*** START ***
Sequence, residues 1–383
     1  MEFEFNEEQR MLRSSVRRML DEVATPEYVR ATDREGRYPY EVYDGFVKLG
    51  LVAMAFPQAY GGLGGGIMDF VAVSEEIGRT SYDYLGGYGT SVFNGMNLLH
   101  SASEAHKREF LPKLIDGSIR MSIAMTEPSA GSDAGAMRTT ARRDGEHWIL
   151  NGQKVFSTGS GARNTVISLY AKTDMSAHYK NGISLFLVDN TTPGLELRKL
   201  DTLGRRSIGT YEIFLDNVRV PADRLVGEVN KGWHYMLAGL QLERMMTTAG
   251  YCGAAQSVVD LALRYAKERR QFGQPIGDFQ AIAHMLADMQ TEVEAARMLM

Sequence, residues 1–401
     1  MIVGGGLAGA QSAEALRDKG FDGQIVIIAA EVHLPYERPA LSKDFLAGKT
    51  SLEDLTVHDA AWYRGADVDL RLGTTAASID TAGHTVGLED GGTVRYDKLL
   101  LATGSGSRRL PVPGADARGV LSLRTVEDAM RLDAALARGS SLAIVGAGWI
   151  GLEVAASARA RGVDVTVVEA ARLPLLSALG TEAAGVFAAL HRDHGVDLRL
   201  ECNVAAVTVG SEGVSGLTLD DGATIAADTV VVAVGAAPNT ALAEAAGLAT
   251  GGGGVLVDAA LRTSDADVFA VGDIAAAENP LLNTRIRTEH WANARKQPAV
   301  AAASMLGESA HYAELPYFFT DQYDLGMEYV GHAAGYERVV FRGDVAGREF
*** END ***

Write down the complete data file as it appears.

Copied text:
Sequence, residues 1–383
     1  MEFEFNEEQR MLRSSVRRML DEVATPEYVR ATDREGRYPY EVYDGFVKLG
    51  LVAMAFPQAY GGLGGGIMDF VAVSEEIGRT SYDYLGGYGT SVFNGMNLLH
   101  SASEAHKREF LPKLIDGSIR MSIAMTEPSA GSDAGAMRTT ARRDGEHWIL
   151  NGQKVFSTGS GARNTVISLY AKTDMSAHYK NGISLFLVDN TTPGLELRKL
   201  DTLGRRSIGT YEIFLDNVRV PADRLVGEVN KGWHYMLAGL QLERMMTTAG
   251  YCGAAQSVVD LALRYAKERR QFGQPIGDFQ AIAHMLADMQ TEVEAARMLM

Sequence, residues 1–401
     1  MIVGGGLAGA QSAEALRDKG FDGQIVIIAA EVHLPYERPA LSKDFLAGKT
    51  SLEDLTVHDA AWYRGADVDL RLGTTAASID TAGHTVGLED GGTVRYDKLL
   101  LATGSGSRRL PVPGADARGV LSLRTVEDAM RLDAALARGS SLAIVGAGWI
   151  GLEVAASARA RGVDVTVVEA ARLPLLSALG TEAAGVFAAL HRDHGVDLRL
   201  ECNVAAVTVG SEGVSGLTLD DGATIAADTV VVAVGAAPNT ALAEAAGLAT
   251  GGGGVLVDAA LRTSDADVFA VGDIAAAENP LLNTRIRTEH WANARKQPAV
   301  AAASMLGESA HYAELPYFFT DQYDLGMEYV GHAAGYERVV FRGDVAGREF